Map of the 16th-century Spanish and Portuguese colonial empires
    Map of the 16th-century Spanish and Portuguese colonial empires
    • On the other hand, the more northerly countries of the continent, such as France and the Netherlands, saw smaller numbers.
    • As a consequence, there emerged an increased contact between Africans and Europeans.
    • Meanwhile, in Tudor England, the number of people of African origin or descent was estimated to be in the hundreds.
    • These people are often called the Black Tudors and were mentioned in historic records as blackamoors.
    • The Black Tudors in the first half of the 16th century mostly arrived via Spain or Portugal.
    • Others came to England through English trade with Africa.

    How did the Black Tudors come to England?

      • Some came directly from Africa as traders or as ambassadors.
      • Others arrived with the entourages of royals.
      • Several travelled with merchants and aristocrats, especially when the English started to trade with Morocco and West Africa directly from the 1550s.
      • Many came as the consequence of English privateering and raids on the Spanish empire.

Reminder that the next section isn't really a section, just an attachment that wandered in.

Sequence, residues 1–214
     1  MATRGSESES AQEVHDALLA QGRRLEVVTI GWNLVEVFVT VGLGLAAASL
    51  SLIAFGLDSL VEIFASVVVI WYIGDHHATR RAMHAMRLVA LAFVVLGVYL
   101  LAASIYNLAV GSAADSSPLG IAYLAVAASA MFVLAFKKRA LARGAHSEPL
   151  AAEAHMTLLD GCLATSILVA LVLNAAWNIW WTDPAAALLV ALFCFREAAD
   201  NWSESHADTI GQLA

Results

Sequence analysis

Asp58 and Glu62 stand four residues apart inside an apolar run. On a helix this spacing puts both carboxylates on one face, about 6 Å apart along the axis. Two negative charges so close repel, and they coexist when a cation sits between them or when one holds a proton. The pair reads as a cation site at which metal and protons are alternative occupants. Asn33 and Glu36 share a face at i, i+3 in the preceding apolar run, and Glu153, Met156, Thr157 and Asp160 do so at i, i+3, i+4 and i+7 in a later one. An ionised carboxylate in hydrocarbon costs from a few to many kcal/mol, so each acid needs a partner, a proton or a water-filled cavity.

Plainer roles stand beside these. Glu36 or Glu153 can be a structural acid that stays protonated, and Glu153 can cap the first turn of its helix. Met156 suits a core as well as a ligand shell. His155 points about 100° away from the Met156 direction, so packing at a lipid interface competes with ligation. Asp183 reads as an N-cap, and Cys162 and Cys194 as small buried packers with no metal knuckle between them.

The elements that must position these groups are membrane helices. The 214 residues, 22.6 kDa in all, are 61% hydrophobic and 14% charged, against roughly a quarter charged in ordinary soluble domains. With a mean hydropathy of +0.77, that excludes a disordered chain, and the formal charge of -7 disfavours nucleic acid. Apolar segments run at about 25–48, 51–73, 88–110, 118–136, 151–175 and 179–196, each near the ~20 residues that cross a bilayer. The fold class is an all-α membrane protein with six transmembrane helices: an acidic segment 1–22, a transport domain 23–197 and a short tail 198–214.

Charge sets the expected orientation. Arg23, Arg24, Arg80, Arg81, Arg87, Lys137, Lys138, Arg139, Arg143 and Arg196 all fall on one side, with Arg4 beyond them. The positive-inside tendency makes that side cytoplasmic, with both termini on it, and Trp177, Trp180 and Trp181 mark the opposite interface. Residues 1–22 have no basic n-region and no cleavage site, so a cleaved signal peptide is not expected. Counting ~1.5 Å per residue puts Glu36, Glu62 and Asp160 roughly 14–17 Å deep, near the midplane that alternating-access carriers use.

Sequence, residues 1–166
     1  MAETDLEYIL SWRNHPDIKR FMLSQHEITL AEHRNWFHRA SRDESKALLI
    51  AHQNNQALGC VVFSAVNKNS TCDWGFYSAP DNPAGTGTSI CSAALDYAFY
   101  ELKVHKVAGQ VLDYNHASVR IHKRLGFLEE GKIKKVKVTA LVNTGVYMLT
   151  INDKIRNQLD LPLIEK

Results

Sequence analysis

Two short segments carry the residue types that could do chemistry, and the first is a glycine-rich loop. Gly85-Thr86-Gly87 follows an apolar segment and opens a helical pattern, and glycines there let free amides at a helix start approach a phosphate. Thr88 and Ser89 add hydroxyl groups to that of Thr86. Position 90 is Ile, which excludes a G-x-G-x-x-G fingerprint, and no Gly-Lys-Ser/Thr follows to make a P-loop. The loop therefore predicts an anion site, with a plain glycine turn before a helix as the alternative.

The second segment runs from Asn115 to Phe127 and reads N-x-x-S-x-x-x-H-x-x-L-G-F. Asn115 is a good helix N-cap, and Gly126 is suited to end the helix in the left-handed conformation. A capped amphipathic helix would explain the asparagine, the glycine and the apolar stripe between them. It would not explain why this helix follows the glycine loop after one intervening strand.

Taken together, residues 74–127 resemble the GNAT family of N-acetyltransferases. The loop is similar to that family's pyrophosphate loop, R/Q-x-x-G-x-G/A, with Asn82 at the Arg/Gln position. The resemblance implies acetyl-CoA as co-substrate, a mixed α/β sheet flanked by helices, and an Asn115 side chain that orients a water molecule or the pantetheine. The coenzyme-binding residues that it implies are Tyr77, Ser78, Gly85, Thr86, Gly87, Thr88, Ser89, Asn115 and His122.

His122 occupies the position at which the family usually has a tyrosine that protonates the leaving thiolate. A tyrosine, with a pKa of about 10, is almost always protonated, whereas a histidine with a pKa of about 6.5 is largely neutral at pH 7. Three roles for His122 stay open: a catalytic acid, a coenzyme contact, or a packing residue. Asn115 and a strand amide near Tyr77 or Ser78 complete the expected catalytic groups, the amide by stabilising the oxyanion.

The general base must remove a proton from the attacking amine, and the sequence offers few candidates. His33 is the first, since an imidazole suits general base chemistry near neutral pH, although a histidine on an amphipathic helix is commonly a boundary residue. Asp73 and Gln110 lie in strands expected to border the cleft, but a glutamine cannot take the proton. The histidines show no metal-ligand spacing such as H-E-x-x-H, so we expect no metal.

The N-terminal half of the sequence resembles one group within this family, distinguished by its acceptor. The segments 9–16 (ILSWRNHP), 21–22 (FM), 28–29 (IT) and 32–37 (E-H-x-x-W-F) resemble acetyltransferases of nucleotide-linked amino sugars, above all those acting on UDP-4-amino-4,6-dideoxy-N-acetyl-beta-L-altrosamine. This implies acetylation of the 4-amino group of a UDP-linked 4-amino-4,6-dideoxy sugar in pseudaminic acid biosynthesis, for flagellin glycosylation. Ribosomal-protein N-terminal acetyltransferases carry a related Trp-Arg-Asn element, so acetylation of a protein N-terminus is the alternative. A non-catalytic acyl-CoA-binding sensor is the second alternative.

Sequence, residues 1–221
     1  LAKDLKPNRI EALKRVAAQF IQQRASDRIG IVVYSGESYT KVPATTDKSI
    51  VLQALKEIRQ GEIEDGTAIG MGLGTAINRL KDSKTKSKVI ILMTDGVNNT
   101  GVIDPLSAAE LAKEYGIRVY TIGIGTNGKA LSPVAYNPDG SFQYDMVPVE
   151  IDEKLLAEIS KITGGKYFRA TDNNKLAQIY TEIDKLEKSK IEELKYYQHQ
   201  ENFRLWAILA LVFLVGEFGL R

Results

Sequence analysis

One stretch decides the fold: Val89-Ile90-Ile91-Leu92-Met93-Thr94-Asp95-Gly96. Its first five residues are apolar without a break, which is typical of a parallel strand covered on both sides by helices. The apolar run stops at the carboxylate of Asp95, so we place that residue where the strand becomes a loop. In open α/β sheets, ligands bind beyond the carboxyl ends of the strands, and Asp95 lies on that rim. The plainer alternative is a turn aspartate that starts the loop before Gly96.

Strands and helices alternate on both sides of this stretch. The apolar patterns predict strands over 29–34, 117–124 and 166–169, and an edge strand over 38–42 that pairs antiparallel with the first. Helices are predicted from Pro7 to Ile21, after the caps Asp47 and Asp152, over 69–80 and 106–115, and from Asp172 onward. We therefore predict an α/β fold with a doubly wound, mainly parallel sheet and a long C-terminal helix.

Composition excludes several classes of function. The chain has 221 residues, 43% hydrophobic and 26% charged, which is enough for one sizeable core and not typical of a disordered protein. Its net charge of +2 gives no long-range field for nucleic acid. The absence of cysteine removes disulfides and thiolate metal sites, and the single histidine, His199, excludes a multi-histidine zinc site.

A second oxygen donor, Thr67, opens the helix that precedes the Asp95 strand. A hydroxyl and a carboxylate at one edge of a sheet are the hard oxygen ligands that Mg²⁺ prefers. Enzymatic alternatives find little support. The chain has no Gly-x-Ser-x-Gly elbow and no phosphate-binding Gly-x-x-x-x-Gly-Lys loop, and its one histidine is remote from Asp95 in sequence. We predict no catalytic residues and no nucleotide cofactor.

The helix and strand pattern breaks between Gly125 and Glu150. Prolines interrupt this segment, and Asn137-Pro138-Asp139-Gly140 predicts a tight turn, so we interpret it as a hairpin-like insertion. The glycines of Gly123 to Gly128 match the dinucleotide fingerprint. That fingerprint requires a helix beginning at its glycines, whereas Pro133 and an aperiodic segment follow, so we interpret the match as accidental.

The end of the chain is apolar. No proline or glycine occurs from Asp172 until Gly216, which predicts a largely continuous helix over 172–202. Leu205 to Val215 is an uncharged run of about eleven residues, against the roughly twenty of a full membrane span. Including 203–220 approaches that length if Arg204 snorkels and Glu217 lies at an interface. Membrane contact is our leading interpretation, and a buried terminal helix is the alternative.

• Parish registers from 1558 until the 17th century listed Black Tudors, which, aside from blackamoors, were described as ‘Neygers’, ‘Aethiopians’ and ‘Negroes’.
    • These registers showed that the Africans were baptised, married to English people and buried in parish graveyards across the country, in both cities and the more rural areas. 
    • This suggests that Black Tudors resided in various locations in England.
    • The Africans in Tudor England also took a variety of jobs, with a majority of them employed as servants. Others worked as weavers, sailors, labourers and musicians.
    • Some of the Africans found to have lived in Tudor England are as follows:
      • John Blanke, the royal trumpeter
      • Jacques Francis, the salvage diver
      • Diego, the circumnavigator
      • Reasonable Blackman, the silk weaver
      • Mary Fillis, servant
      • Cattelena of Almondsbury